If you want to contact Roots, Shoots, Fruits and Flowers, please send your questions and pictures to Keith Hawkins, Area Horticulture Agent (AHA), 337-463-7006 or firstname.lastname@example.org. Also, you can be on the “green thumbs” email list by emailing your request to the address above.
“Before you buy or use an insecticide product, first read the label, and strictly follow label recommendations. Mention of trade names or commercial products in this article is for informational purposes only and does not constitute an endorsement by Louisiana State University AgCenter.”
“This work has been supported, in part, by the USDA National Institute of Food and Agriculture, Renewable Resources Extension Act Award, Accession Number 1011417.”
Cucurbit with powdery mildew. Photo: Vegetable Crop Hotline.
Peggy, a beekeeper, shared this concern by email, “I have pumpkins, squash, and cucumber plants that have leaves covered in white powdery stuff. What can we spray on them that is bee friendly?”
Peggy probably has powdery mildew, and the vegetables she listed are in the cucurbit family. Lee Rouse, an AgCenter horticulture agent, wrote in an online article, “Powdery mildew will develop white powdery spots on both leaf surfaces and expand as the infection grows. The leaves will eventually turn yellow or brown and fall off, exposing the plant or fruit to sunburn. In some cases, powdery mildew will cause the leaves or shoots to become twisted or distorted.”
Rouse makes these recommendations for control, “[Mildews] can be managed successfully by planting resistant varieties in areas of the garden with full sun and good air movement. Plants can be protected with synthetic chemicals or biopesticides.
As with most diseases and insects, prevention is the best method on control. Many practices can help to prevent these diseases from the beginning, such as planting in full sun. This will help to dry off the leaf surfaces quickly as to not spread the disease through water droplets sitting on the foliage. Be sure to keep the garden well mulched as well as provide proper spacing between plants to allow sunlight and air flow through the crop to help dry the foliage. Be sure to avoid watering in the evening. Setting an irrigation time for early in the morning or setting out the hose and the sprinkler the evening before so you only must turn the spigot on in the morning are great ways to get water to the garden early in the morning.
Overfertilization can also cause an outbreak of both powdery and downy mildew. Instead of using a granulated fast-release fertilizer, consider using a slow-release product. Slow-release fertilizers come in many forms, such a compost, manures, and resin-coated fertilizer, such as Osmocote.”
AHA also shared these notes with Peggy, “Copper fungicides can be used in organic gardening for PM. After reading the label for a copper fungicide, the biggest environmental hazard is runoff because this fungicide is toxic to fish and invertebrates like crawfish. As near as I can discern, copper is safe for bees.”
Leaves and berries of a nandina plant. Photo: LSU School of Veterinary Medicine.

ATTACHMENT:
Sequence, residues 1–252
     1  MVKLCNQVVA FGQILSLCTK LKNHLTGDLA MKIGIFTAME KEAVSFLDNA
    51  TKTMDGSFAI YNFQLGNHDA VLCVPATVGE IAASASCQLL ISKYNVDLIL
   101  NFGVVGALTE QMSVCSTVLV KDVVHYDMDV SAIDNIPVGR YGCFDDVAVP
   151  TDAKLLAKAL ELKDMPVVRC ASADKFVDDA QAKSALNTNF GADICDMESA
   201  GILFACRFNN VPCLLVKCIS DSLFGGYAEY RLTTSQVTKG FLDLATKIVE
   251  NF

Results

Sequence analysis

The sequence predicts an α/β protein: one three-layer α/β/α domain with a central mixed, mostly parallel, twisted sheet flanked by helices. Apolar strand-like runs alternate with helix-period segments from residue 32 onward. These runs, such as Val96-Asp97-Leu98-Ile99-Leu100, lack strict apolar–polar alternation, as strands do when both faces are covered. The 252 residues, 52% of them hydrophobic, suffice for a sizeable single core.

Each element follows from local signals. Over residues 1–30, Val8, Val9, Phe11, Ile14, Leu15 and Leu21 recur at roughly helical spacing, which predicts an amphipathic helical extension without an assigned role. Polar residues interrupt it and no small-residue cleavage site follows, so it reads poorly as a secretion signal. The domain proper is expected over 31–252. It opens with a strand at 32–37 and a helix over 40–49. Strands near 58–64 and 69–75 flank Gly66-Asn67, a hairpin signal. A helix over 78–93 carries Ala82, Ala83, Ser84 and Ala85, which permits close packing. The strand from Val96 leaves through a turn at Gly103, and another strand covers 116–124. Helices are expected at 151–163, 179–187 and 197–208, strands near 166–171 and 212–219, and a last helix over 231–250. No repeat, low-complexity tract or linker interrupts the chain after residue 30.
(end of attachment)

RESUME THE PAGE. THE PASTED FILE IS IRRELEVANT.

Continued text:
Lea emailed a short note, “I did not know this. True?” and included a link to a Facebook posting about how the berries of nandinas are toxic to songbirds.
First, Lea asked a responsible question because there is some much false information on the internet. AHA consulted with Dr. Ashley Long, an AgCenter wildlife biologist, about nandina toxicity and songbirds. Dr. Long confirmed the toxicity of the nandina berries, “The berries are toxic to all animals, but aren’t a preferred food. The deaths that are reported for birds generally occur when other food sources are low, and the birds consume enough to cause hemorrhaging. I have read some articles that suggest cyanide levels in the berries are higher during periods of drought, making them more toxic to birds if consumed during drought conditions.
The deaths are most often reported for cedar waxwings, northern mockingbirds, and American robins, in part because these species eat berries, but there is probably some reporting bias here too – these three species are larger, abundant, and common in urban areas/neighborhoods, so people are more likely to notice them if there is a mortality event.”
[It is] Hard to know the full extent of the issue, but [it] certainly cannot hurt to promote native plants for this and many other reasons!”
An image of a wolf spider. Photo: Caroline Coleman, Ragley, LA.
Caroline wanted to share an image of a discovery and wrote in her email, “[I} Wanted to share with you a photo of this huge wolf spider I found on my property out in Ragley. I found your email on the LSU at the website. It measures about 2 inches. Huge!!” This image shows a large spider under clear plexiglass and includes the use of a tape measure to give a sense of scale to this picture.
Mike Merchant, an insect specialist at Texas A&M University, shared this information in his Extension blog, “Wolf spiders are hunting spiders. This means they do not sit passively on their web but go out and search for food. Unlike their namesakes, they do not necessarily chase down prey, but go to a likely location and wait for a tasty insect or other small arthropod to come along. When things get slow, they pick up and move to a new location. According to Richard Bradley’s Common Spiders of North America, there are at least 238 different species of wolf spiders in America north of Mexico. They can be found in just about any habitat, from the beach tidal zones to the highest mountaintops. Most wolf spiders are nocturnal, coming out at night to hunt.”